One word for Clark’s cabinet announcement: bizarre

Armchair Mayor
By Mel Rothenburger
June 13, 2017 - 5:00am
Image Credit: BC Government

KAMLOOPS — ‘Bizarre’ is an over-used word when it comes to politics, but it fits the latest act in the Victoria gong show — namely, Monday’s unveiling of Christy Clark’s ‘new’ cabinet.

If her list of appointments to the executive council looks familiar rather than new, that’s because it is. For the most part, those who were already in cabinet — and that’s most of them — got to keep the jobs they already had. One of them is Todd Stone, who remains the Minister of Transportation and Infrastructure.

Mary Polak, who was environment minister since 2013, takes over Terry Lake’s vacated health portfolio. (As a side note, Clark confirmed the next speaker will come from the Liberal ranks. It won’t be Linda Reid, who was speaker during the last term, as she’s now Minister of Advanced Education.)

There are five new cabinet ministers for a total of 22, plus 13 parliamentary secretaries. The latter are, basically, cabinet ministers in training, but they receive extra pay as do full ministers.

Now listen to Clark’s characterization of her cabinet in a press release: “Our province needs a strong economy, one capable of supporting the services and high quality of life that British Columbians expect and deserve. But the public has also said they want us to do things differently to address areas that impact their lives and their families every day – this new cabinet reflects that message.”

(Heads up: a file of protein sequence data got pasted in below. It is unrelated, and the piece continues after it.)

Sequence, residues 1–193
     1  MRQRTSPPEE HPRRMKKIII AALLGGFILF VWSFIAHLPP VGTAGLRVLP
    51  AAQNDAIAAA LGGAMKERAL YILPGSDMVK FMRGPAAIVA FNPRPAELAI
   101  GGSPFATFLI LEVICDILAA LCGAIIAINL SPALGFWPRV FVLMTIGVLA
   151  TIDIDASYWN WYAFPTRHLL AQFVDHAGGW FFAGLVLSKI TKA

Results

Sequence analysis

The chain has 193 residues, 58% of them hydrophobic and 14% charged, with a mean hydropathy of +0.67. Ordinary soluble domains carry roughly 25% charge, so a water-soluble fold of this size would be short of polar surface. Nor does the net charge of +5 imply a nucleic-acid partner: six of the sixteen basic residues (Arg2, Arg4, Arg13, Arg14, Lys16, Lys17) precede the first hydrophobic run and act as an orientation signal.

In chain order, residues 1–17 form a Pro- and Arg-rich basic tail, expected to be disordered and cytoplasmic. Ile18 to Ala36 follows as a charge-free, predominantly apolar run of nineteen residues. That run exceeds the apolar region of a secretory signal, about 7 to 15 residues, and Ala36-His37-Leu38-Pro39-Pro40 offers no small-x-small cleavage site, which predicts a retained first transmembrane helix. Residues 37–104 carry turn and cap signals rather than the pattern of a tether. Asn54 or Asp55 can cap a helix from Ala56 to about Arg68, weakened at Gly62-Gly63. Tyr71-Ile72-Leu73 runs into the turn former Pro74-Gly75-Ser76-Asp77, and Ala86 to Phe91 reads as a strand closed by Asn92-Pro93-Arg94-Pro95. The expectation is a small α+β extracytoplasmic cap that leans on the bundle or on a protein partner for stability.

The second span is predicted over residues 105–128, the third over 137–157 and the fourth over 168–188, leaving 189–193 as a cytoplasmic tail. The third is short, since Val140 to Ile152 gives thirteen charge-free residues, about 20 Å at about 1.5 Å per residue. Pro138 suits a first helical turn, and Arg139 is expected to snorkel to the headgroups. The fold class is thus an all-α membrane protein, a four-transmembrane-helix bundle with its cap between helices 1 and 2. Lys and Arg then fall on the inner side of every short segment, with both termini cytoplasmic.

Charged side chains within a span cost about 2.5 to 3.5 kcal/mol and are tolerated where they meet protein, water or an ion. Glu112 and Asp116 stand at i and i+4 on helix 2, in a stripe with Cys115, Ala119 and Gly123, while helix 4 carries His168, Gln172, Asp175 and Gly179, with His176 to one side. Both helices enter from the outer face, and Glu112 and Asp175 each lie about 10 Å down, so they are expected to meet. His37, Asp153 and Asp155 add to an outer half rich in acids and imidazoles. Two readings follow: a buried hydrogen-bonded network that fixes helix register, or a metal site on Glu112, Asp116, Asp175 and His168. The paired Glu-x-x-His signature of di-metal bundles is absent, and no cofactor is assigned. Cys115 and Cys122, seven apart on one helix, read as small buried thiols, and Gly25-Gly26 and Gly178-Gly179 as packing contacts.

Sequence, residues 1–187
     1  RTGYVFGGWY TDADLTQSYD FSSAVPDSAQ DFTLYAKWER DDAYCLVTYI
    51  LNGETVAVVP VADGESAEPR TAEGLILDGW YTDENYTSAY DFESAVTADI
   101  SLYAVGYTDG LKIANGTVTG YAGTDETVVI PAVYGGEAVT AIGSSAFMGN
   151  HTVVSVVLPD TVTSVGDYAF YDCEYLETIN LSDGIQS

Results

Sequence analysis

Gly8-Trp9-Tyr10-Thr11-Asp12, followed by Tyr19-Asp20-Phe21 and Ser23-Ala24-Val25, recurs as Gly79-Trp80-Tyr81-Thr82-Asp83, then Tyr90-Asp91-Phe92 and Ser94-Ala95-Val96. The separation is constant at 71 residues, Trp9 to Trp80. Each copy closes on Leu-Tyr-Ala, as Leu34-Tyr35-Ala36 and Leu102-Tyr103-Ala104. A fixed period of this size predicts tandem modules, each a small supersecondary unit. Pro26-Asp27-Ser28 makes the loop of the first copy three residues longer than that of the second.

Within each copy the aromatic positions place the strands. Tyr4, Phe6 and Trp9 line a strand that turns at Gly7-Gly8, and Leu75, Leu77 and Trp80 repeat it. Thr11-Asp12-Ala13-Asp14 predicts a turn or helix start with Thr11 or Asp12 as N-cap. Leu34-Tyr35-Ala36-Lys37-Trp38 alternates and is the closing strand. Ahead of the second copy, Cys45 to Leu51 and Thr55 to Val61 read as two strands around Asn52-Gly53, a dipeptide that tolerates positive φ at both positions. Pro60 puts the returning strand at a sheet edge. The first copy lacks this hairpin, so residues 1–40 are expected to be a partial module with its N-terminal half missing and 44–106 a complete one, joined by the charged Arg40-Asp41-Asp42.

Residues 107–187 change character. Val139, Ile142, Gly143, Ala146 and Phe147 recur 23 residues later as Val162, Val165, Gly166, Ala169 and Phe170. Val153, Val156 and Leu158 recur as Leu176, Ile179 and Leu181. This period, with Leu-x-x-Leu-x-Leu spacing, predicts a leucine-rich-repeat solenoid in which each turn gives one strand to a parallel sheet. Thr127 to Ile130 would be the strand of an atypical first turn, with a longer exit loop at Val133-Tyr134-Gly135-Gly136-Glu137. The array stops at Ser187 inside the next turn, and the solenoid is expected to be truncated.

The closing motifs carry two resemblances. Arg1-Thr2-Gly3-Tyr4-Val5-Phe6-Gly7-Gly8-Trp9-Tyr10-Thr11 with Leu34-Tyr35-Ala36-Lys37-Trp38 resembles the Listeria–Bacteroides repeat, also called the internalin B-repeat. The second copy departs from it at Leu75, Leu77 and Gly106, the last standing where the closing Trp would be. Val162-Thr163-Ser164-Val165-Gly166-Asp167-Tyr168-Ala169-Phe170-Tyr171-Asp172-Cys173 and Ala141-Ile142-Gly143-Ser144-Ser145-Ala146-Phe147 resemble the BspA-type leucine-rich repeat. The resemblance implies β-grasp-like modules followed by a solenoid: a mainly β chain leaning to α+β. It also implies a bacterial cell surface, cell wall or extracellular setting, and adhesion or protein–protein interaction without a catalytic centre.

In the world according to Clark, voters decided they wanted to do things differently, and the cabinet she announced on Monday “reflects that message.”

How does a cabinet made up of the same people who were in it before, plus a few new ones to fill vacancies, represent a different way of doing things?

Not that leaving the old ministers where they were doesn’t make sense, but calling it a change in direction is gilding the lily to say the least.

Clark went on to say, “For as long as we have the confidence of the legislature, we will work to bridge this gap, and create an environment where both resource-dependent communities and dynamic, tech-focused urban centres thrive, and create opportunities for each other.”

This sounds like it could be a recap of the upcoming Speech from the Throne, the one that will be presented a couple of days or so before the NDP and Greens combine forces to throw the Liberals out of office.

Apparently, Clark wasn’t paying attention to the Armchair Mayor on Friday when this advice was offered: “The only thing that makes sense is for Clark to re-appoint current cabinet ministers to the same jobs they have now, let the ministries that don’t have ministers limp along without them for a little longer, and save some moving expenses and ministerial paycheques.”

As an option, she could have doubled up a few ministries. For example, named Stone to both the transportation and health portfolios, if there’s a need to sign some letters and such.

But to appoint a full cabinet for the sake of a couple of weeks is pointless and, well, bizarre.

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